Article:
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Understanding Student Loans: How Do Student Loans Work?

Student loans are complex, but we break down how they work.

Justin Cupler

Contributing Writer at Tally

March 17, 2022

Getting a higher education typically means taking out student loans. Doing so can be a process, since there are lots of nuances you need to know before taking out a student loan. Having a full understanding of how student loans work ahead of time can help you along the way.

Below, you’ll get answers to the question, "how do student loans work?" — so you can make educated decisions about how to fund your higher education. 

How do student loans work? 

There are many things to understand about student loans, from the various types of student loans there are to their interest rates and repayment terms. Let's dive into the world of student loans to give you a firm idea of how student loans work. 

What are the types of student loans?

There are two main types of student loans: federal and private. 

Federal student loans

Federal student loans are among the most common loans students get. These loans are offered directly from the federal government and have many benefits to make a college education easier to afford. 

There are four main types of federal student loans, also known as direct loans: 

  1. Direct Subsidized Loans: Direct Subsidized Loans are for undergraduate students who've demonstrated a financial need via the Free Application for Federal Student Aid (FAFSA). These loans help students cover higher education or trade school costs. 

  2. Direct Unsubsidized Loans: Direct Unsubsidized Loans are for undergraduate, graduate and professional students who need money beyond what they qualify for under the Direct Subsidized Loan program. These loans are not based on financial need.

  3. Direct PLUS Loans: Direct PLUS Loans are for graduate or professional students and parents of dependent undergraduate students. These loans will pay for any expenses other financial aid offerings don't cover and aren't subject to financial need. There is, however, a credit check for this loan — the only federal student loan with this requirement. 

  4. Direct Consolidation Loans: You will likely end up with multiple loans with various loan servicers throughout your college years. The Direct Consolidation Loan allows you to combine these loans into one — streamlining your repayment process. 

Private student loans

Private student loans are a second option for funding your higher education and can come from various sources such as banks, credit unions and online lenders. It’s wise for students to attempt to maximize their federal student loans before resorting to private ones. Federal student loans are easier to secure, generally have lower interest rates and include unique benefits many private student loans don't. 

Private student loans often require a credit check, making them challenging for students without an established credit history to get. Fortunately, lenders will often approve loans with a cosigner. There are some no-credit-check student loan lenders, but these are the minority and often have a higher interest rate.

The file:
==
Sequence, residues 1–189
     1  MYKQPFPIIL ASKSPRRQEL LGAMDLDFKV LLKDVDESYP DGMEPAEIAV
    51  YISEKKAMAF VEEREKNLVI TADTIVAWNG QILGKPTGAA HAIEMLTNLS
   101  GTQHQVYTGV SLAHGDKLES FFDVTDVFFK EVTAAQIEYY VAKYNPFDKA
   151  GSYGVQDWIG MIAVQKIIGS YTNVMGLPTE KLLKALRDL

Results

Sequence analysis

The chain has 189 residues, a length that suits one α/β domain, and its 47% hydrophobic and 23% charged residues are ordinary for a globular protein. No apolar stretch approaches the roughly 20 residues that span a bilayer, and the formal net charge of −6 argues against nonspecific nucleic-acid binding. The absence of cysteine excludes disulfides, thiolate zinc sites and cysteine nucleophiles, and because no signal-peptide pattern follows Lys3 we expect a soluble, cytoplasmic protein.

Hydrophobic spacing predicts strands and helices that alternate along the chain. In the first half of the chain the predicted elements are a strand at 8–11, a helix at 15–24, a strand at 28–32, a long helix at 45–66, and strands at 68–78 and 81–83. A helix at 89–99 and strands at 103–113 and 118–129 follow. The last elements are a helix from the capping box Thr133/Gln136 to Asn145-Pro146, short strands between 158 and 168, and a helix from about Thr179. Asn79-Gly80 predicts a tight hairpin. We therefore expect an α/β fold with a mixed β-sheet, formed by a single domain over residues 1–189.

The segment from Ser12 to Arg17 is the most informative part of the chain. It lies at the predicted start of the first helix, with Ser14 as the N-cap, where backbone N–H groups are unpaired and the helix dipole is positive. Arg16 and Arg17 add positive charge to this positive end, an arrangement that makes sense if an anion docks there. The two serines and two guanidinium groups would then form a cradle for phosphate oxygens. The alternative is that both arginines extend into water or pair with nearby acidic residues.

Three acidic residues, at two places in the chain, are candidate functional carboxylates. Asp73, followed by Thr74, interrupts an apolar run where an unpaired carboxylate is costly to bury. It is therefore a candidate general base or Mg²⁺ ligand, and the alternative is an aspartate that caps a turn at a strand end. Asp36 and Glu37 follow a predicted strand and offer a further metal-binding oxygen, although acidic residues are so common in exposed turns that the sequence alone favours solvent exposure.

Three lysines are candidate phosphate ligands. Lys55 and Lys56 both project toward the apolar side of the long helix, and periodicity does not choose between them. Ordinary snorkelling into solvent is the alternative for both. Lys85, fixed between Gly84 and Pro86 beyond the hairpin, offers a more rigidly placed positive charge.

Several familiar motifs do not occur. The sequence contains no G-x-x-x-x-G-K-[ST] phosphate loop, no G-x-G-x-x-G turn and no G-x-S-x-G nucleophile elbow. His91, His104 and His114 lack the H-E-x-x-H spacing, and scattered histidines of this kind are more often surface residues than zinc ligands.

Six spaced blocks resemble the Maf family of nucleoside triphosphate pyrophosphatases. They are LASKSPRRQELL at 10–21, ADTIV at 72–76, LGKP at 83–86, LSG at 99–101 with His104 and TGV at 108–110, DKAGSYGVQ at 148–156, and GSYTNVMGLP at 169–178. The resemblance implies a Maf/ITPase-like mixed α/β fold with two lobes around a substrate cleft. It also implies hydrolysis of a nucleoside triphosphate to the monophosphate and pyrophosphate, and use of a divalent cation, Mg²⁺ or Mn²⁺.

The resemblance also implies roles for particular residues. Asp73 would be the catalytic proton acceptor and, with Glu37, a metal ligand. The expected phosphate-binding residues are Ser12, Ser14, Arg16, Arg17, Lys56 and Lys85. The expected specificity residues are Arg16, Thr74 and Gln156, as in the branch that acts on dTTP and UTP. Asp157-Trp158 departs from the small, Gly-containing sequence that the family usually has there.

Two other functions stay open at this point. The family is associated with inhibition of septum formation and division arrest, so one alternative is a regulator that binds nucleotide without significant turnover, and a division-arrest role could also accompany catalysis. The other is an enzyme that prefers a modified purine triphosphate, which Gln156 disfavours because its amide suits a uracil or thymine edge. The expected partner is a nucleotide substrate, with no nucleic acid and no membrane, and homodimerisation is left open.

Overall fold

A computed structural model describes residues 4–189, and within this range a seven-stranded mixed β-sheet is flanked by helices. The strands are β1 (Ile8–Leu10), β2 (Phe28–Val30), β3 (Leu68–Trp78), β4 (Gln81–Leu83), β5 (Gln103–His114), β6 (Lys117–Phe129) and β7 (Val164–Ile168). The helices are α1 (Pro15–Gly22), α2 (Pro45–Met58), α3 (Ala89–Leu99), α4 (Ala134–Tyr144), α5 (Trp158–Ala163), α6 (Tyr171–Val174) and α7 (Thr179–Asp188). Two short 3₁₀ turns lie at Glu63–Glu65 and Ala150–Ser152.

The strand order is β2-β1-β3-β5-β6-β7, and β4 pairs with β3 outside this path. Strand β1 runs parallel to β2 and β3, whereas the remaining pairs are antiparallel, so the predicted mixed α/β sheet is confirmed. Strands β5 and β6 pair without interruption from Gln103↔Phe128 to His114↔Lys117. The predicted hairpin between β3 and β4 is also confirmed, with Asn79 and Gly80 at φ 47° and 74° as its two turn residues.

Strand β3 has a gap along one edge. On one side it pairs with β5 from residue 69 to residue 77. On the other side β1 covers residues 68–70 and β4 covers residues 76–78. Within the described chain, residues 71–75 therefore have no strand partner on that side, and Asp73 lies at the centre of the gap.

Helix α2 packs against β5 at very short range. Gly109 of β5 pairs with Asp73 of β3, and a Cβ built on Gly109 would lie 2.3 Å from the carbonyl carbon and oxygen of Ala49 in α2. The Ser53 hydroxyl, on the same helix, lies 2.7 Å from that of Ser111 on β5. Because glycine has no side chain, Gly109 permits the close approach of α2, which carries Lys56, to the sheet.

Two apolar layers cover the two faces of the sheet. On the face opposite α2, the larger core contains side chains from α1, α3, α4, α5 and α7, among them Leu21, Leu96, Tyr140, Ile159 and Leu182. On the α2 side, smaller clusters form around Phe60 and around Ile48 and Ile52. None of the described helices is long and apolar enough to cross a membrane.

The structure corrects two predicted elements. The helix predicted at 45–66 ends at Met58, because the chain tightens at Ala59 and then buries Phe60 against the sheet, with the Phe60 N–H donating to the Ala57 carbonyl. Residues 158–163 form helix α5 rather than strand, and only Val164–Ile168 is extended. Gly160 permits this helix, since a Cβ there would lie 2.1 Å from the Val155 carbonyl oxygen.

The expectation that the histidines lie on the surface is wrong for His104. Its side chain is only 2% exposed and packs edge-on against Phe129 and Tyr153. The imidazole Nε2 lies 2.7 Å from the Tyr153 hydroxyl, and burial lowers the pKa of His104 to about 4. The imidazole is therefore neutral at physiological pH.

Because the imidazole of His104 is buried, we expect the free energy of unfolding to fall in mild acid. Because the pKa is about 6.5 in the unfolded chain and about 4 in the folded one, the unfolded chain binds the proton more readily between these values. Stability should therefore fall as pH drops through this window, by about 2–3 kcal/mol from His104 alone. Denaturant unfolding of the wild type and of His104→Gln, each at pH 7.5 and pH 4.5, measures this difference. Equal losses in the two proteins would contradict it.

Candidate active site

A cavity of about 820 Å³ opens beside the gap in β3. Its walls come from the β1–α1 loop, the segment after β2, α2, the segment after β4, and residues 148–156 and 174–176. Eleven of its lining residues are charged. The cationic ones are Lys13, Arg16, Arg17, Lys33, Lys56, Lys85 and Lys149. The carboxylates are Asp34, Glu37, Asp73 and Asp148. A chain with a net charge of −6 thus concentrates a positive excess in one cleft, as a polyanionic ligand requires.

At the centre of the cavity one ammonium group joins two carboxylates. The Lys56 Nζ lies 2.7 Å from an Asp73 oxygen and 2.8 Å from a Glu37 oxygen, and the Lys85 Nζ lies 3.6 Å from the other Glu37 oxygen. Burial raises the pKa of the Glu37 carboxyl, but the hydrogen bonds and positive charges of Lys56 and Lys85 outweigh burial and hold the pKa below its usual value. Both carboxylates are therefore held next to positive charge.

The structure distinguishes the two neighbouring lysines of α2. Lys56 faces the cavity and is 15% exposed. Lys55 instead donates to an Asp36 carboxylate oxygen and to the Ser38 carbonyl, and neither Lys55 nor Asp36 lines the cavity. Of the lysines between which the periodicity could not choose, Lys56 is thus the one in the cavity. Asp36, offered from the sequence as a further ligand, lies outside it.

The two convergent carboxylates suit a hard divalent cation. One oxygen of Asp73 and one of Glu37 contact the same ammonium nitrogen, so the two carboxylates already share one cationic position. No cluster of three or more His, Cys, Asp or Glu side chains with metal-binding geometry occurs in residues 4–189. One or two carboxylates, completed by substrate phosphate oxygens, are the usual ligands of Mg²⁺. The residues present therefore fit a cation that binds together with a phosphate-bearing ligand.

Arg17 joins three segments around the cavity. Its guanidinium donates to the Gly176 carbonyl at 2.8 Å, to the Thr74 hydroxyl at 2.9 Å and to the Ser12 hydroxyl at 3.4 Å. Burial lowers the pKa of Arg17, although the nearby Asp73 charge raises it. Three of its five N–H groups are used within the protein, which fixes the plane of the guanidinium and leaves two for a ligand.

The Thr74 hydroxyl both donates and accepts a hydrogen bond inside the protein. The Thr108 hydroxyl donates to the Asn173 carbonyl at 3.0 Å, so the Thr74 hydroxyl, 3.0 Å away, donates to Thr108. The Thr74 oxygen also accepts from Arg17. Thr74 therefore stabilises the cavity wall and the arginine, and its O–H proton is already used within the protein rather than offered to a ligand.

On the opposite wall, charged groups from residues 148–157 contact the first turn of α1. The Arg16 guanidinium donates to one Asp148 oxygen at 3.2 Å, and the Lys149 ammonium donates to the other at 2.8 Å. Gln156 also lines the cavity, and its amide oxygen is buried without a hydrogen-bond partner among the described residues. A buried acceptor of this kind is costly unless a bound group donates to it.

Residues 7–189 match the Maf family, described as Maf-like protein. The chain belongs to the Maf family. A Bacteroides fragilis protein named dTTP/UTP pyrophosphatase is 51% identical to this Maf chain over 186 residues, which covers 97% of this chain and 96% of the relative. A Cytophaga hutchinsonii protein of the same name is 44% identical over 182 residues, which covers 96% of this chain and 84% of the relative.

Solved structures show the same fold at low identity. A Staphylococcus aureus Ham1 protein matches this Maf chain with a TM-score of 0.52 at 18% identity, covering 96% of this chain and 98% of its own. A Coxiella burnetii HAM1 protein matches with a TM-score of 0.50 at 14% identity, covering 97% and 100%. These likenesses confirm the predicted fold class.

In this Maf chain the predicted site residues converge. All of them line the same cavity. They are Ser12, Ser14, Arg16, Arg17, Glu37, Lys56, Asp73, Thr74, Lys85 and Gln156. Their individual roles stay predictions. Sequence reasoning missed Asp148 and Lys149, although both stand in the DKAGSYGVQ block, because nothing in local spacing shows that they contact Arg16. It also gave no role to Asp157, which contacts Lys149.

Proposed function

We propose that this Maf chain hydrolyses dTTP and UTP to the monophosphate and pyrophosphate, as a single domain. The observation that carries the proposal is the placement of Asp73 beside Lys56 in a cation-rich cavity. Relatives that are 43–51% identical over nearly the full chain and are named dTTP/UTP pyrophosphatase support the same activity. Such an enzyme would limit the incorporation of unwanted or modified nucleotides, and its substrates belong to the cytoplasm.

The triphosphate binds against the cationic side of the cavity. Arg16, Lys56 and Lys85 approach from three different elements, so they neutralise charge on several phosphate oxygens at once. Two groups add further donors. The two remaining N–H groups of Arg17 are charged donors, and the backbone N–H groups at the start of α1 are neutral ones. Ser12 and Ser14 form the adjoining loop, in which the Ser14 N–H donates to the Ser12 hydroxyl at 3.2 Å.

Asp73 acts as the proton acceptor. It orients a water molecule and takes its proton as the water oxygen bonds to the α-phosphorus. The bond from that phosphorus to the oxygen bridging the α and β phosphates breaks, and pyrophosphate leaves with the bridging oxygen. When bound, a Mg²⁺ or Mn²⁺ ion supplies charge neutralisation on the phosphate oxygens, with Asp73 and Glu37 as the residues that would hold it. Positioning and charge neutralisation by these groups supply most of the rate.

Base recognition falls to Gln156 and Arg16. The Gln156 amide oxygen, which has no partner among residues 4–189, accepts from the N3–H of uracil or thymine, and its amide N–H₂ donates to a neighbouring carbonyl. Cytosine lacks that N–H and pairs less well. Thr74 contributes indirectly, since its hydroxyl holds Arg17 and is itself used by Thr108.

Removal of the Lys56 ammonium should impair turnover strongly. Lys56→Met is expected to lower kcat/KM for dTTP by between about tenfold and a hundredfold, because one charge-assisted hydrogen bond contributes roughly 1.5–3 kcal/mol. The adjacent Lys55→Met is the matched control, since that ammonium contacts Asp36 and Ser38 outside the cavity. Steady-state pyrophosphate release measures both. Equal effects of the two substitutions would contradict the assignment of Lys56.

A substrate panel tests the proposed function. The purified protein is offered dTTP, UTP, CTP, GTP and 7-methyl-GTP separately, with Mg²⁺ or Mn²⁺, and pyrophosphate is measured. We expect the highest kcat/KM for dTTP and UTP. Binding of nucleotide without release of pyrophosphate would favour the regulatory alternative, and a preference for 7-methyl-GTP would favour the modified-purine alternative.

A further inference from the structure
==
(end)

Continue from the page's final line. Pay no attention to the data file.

How much can you borrow?

College can be quite expensive, so there's often anxiety as to whether or not you have enough federal student loan eligibility to cover the cost. 

The maximum amount undergraduates can borrow is up to $57,500 in total federal student loans, but only $23,000 of that can be in subsidized loans. Graduates and professional students may take out up to $138,500 in federal loans and only $65,000 may be in subsidized loans. 

These are only the aggregated totals. The federal government also sets limits every year. The yearly value increases as you get deeper into your studies and varies based on whether you're a dependent or independent student

The annual limits are as follows: 

  • Undergraduate year one: Dependent students can take out up to $5,500 in total federal student loans, and $3,500 of that can be subsidized. Independent students can take out up to $9,500 in total federal student loans, and $3,500 of that can be subsidized.

  • Undergraduate year two: Dependent students can take out up to $6,500 in total federal student loans, and $4,500 of that can be subsidized. Independent students can take out up to $10,500 in total federal student loans, and $4,500 of that can be subsidized. 

  • Undergraduate year three and beyond: Dependent students can take out up to $7,500 in total federal student loans, and $5,500 of that can be subsidized. Independent students can take out up to $12,500 in total federal student loans, and $5,500 of that can be subsidized. 

  • Graduate and professional students: Graduate and professional students are considered independent and can take out $20,500 in unsubsidized federal student loans per year.

Private student loans, on the other hand, have significantly higher limits and generally max out at your college's cost of attendance, minus the financial aid you received.

What can you spend student loans on?

Federal student loans have strict limitations on what you can use your loans on. These include:

  • Tuition and associated education fees

  • Room and board

  • Groceries

  • Textbooks and other school supplies

  • Computers

  • Costs associated with studying abroad

  • Transportation to and from school

  • Child care expenses while in school

Private lenders will have their own limitations, but they usually fall under similar guidelines

If you spend your student loans on unapproved items, there’s a chance your lender will cancel your account and demand immediate repayment. 


What are the repayment terms?

For federal student loans, the standard repayment term is up to 10 years and you must pay a minimum of $50 per month. If you have a small student loan, $50 per month could cover the entire loan balance before the 10 years are up.